Before I get into this yoga business, I have to mention Shine Integrative Physical Therapy (SPT). For 20+ years, I’ve experienced chronic neck pain, and I’ve tried about everything to fix it. While most of what I’ve tried did yield positive results (including yoga!), the physical therapy and care I’ve received from SPT has made the pain almost non-existent. If you’ve experienced the same-old-same-old from physical therapists, you might want to give SPT a call. You won’t regret it.
Let’s talk about yoga! As you may or may not know, I have been a yoga instructor myself since around 2002. If it were up to me, all schools would be required to begin with various yoga practices including breathing exercises, meditative reflections, and simple postures. I think this would improve the quality of education. I think it would help focus student attention during long days filled with listening and sitting.
Most likely, your kids are not experiencing yoga at school or anywhere else for that matter. SPT not only offers excellent physical therapy, but to help compliment their care, they offer plenty of yoga classes. One class in particular (Parent & Child Yoga) caught my attention while waiting to see one of Shine’s therapists. Instructor Leslie Wilda also has put together a regularly occurring yoga-pajama party. Here is an excerpt from my interview with her.
PFA: Before we get into some specifics for kids and parents, please tell us a bit about yourself and your credentials concerning yoga instruction.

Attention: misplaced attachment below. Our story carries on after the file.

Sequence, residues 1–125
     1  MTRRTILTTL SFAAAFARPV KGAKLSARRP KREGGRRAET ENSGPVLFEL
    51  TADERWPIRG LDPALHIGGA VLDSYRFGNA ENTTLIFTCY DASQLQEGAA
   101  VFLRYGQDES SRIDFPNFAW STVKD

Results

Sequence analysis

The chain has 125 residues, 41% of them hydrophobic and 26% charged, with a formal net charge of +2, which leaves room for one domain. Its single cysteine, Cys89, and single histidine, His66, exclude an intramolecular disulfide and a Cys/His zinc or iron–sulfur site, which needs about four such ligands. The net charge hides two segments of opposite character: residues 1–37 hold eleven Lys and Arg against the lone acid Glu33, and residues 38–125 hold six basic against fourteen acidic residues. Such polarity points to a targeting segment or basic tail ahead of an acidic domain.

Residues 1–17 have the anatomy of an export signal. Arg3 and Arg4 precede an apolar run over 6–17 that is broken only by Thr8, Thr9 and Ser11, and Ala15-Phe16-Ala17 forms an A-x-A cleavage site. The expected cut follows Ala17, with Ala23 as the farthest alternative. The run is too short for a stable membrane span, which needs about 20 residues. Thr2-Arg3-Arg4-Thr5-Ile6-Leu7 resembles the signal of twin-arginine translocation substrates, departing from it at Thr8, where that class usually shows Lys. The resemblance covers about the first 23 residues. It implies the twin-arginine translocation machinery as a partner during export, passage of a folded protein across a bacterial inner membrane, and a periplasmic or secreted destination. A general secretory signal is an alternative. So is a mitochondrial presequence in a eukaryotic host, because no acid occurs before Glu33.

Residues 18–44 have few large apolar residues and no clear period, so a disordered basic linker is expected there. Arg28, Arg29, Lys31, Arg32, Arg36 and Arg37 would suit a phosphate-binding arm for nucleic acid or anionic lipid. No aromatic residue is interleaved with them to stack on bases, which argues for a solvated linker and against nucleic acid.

Leslie: I came to know yoga later in life. I was in my mid thirties and living in Sri Lanka when a friend brought me to a class that was being taught by a Sri Lankan who did not speak English very well but could fold himself into this incredibly small pose. It was interesting, so I went back. It wasn’t until the birth of my son in 2007 though that I developed my own home practice as a way to ease the challenges of being a single parent. I then completed a 200 hr teacher training with Shiva Rea as a way to enhance my practice.
When my son turned two I attended a kids yoga training by Rainbow Kids Yoga because I wanted to learn ways to practice with my son, but instead I had this “aha” moment during the training and I immediately knew that I wanted to change my career path and begin sharing yoga with kids. I’ve been teaching kids for two years now and it’s been one of the most rewarding things I’ve ever done.